Two white folk singers whose music was popular and who also sometimes appeared at Civil Rights events were Joan Baez and Bob Dylan. Baez, who was heavily influenced by Odetta, frequently appeared at rallies and demonstrations and was also found of performing traditional numbers like “Ain’t Gonna Let Nobody Turn Me Around” and “We Shall Overcome.” A pair of Dylan numbers, “The Times They Are A-Changing” and “Blowin” In The Wind” were harbingers of the new feelings and sentiments regarding freedom and liberation for all that were emerging.
A lesser known but just as vital white singer/songwriter who contributed a major tune to the movement was Phil Ochs. Unfortunately, his song “Going Down To Mississippi” isn’t quite as well known because it doesn’t have the smooth melodic flow or easily memorizable lyrics of some others. But it’s every bit as emphatic in its specificity regarding exactly what was going down in the state during the early and mid’-60s, and what needed to be done about it right then rather than later.
Dylan’s “Blowin’ In The Wind” was the inspiration for Sam Cooke’s prophetic “A Change Is Gonna Come.” It began as the “B” side to a bigger hit “Shake,” which entered the charts only days after Cooke’s death in 1964. As is often the case, it was inspired by a personal event in Cooke’s life, as he and a group of his friends were refused service at a motel in Louisiana. Cooke initially recorded the tune for a benefit album designed to raise funds for the Southern Christian Leadership Conference (SCLC). He only performed it once during his lifetime, on a February broadcast of “The Tonight Show Starring Johnny Carson.”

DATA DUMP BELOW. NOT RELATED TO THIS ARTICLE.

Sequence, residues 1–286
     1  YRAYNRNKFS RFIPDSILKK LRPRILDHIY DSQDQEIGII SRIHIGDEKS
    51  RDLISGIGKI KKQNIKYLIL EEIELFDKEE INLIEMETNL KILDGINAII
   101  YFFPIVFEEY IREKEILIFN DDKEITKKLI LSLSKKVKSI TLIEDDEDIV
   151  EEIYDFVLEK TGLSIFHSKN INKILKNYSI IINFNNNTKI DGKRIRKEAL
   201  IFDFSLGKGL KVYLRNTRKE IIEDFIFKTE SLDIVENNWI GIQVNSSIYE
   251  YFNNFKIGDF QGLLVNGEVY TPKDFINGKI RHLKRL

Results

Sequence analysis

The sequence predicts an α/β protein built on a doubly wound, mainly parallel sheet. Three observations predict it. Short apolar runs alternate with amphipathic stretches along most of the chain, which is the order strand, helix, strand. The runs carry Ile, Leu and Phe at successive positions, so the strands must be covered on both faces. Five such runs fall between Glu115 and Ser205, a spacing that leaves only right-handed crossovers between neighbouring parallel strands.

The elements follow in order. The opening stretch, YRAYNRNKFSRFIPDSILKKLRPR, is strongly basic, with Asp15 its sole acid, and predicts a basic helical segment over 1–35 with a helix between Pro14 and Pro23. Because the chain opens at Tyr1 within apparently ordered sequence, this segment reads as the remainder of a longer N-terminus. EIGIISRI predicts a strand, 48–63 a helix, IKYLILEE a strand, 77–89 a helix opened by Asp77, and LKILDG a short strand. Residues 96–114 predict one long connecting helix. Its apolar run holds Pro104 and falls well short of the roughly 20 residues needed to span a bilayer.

But though it was included on his March LP “Ain’t That Good News,” by the time it was released as a single that December Cooke had been shot and killed in a strange incident at a Los Angeles motel. The details of that incident remain murky to this day. But the song’s message of impending freedom and ultimate justice were razor sharp then and now, as was the passion and authority in Cooke’s voice. It has since been covered by dozens of other artists and is emblematic of the energy and futuristic vision many in the Movement had.
The great Mahalia Jackson was one of the gospel singers most directly connected to the Movement. She sang in Montgomery, Alabama in 1956 at a benefit for the Montgomery bus boycott at the personal invitation of Rev. Ralph Abernathy. There she met Dr. King for the first time, and they quickly formed a deep friendship. The story goes it was her urging that led to Dr. King’s famous “I Have A Dream” speech as reportedly she said to him “Tell them about the dream Martin.”
Jackson appeared at many events in the late ‘50s and early ‘60s, including the March on Washington in 1963. The number that’s both her signature tune and one frequently performed at marches and demonstrations was “How I Got Over,” a tune written in 1941 by Clara Ward. Though not necessarily a political song, the theme of personal salvation and uplight incorporates the notion of overcoming oppression and brutality. As someone who grew up in the Jim Crow South, Ward (who also often appeared at Civil Rights shows) certainly knew America’s ugly racist history and factored that into the lyrics.